Experimental particle physics; physics beyond the standard model; weak interactions.
Our model of elementary particles describes an enormous number of experimental results, but it falls short of explaining phenomena such as dark matter, the disappearance of anti-matter from the universe, and the small size of the radiative corrections to the Higgs mass. My research uses data from the Large Hadron Collider (LHC) to seek the new phenomena and particles that may explain these mysteries. Specifically, I look for particles with distinctly long lifetimes, since these would be unequivocal evidence for new phenomena and are predicted in numerous models.
In addition to my LHC research, I direct the Center for Bright Beams (CBB), which is an NSF Science and Technology Center that works to increase the brightness of electron beams in order to provide new capabilities for scientific research, industry and medicine. CBB research, which currently involves ten colleges and universities and three national labs, is exceptionally collaborative and highly interdisciplinary.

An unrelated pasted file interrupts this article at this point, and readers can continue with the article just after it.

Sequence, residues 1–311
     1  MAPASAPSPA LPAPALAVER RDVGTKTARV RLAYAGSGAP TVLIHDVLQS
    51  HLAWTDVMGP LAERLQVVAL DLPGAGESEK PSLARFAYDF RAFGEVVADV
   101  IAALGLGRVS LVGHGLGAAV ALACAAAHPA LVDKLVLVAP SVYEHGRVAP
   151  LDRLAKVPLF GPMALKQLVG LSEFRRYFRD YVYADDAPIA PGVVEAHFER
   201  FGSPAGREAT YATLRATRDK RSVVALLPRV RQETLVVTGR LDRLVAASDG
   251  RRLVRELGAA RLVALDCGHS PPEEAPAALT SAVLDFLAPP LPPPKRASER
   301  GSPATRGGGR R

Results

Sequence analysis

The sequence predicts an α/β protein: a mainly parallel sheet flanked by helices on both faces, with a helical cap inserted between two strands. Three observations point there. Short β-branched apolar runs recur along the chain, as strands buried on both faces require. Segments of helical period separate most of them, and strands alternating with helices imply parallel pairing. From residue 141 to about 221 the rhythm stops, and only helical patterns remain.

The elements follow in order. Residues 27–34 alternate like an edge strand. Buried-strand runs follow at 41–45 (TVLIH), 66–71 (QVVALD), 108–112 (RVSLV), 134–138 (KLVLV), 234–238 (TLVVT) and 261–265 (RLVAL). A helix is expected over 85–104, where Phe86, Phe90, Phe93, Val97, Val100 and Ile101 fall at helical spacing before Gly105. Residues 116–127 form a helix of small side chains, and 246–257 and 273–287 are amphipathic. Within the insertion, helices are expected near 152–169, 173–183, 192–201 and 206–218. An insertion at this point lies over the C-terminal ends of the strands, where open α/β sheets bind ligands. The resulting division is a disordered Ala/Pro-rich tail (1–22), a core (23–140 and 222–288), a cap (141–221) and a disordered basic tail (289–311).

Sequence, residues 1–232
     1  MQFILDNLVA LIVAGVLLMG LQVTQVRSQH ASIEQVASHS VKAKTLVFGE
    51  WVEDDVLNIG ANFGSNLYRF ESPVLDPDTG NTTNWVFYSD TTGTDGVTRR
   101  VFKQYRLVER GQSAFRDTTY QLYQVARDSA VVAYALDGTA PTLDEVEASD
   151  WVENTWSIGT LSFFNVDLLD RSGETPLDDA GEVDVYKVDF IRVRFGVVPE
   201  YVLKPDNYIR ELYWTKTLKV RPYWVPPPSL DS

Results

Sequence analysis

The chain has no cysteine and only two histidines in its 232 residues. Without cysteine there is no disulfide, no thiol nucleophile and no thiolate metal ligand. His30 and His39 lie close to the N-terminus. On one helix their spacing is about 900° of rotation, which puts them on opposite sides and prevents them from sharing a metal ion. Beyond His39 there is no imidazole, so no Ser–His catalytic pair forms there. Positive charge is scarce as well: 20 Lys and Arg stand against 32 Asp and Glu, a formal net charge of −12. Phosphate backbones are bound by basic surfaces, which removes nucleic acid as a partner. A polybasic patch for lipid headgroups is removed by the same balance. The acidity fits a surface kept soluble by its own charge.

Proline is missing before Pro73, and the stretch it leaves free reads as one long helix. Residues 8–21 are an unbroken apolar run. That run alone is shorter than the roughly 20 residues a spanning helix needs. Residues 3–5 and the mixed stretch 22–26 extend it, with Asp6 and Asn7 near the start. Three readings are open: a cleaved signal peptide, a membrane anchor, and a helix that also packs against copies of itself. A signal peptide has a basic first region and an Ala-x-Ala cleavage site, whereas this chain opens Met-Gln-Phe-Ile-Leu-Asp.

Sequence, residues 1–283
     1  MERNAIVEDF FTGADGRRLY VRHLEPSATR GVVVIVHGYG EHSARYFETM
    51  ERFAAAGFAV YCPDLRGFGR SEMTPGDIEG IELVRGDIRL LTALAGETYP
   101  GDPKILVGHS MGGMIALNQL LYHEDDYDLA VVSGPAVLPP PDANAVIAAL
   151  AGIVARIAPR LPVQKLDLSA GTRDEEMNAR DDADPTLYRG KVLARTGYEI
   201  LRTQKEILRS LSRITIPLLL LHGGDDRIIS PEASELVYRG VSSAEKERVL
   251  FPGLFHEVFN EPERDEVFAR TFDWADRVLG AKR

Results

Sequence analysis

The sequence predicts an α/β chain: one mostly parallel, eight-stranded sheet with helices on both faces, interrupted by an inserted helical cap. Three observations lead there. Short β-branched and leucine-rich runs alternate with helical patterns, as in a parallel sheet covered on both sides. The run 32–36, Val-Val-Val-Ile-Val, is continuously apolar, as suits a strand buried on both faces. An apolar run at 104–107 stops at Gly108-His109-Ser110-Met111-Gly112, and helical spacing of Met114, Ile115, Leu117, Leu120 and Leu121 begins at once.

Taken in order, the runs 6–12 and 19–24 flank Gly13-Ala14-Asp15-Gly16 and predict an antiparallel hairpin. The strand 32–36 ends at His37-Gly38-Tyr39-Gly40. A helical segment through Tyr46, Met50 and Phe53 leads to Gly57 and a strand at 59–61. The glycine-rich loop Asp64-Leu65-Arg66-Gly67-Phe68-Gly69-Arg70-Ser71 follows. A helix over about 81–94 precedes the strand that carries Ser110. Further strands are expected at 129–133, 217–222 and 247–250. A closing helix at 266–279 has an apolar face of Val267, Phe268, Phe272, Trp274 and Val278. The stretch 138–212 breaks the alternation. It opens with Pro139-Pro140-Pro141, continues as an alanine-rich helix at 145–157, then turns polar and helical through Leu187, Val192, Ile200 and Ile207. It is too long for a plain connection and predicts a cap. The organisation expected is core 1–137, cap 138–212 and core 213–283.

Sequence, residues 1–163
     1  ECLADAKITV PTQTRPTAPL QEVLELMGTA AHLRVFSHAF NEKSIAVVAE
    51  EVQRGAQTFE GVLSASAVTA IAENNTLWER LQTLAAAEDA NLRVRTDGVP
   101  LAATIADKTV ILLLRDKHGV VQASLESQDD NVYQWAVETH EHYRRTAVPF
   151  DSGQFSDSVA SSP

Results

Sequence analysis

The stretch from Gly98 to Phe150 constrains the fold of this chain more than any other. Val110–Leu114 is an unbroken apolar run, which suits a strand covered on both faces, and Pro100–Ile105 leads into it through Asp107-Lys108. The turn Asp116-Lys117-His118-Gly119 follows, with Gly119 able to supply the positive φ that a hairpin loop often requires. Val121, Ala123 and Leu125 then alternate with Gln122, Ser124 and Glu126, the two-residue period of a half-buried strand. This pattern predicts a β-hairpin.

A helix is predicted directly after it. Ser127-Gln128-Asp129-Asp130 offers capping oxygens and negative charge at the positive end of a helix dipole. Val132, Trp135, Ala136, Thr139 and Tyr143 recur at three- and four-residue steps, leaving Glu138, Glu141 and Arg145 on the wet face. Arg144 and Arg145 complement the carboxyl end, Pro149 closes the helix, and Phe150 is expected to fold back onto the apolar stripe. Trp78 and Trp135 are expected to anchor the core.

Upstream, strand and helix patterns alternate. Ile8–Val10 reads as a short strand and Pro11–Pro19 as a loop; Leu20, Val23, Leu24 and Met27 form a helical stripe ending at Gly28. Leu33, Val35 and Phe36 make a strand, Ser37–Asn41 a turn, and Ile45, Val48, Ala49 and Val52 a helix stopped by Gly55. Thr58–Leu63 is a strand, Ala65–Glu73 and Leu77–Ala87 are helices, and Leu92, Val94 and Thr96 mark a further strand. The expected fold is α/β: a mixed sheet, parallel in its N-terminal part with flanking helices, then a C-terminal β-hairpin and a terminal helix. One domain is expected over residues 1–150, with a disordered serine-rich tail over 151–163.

CMS Collaboration, Search for long-lived particles with displaced vertices in multijet events in proton-proton collisions at sqrt(s)=13 TeV, Phys. Rev. D 98, 092011 (2018).
Search for R-parity violating supersymmetry with displaced vertices in proton-proton collisions at sqrt(S)=8 TeV, Phys. Rev. D. 95 012009 (2017)
In the news
- After 75 years, accelerator physics still going strong in Newman Lab
- Accelerating the Power of Women in Physics
- $3.8M NSF grant begins a new era of early universe research
- Ten A&S faculty honored with endowed professorships
- Center for Bright Beams awarded $22M in grant renewal
- Campus community donates essential medical supplies
- Celebration marks prototype accelerator getting up to speed
- Five faculty members elected AAAS fellows
- Accelerator project gets push from National Academy of Sciences
- Lt. Gov. Hochul announces $15M from state for CHESS upgrade
- In Search of New Physics Phenomena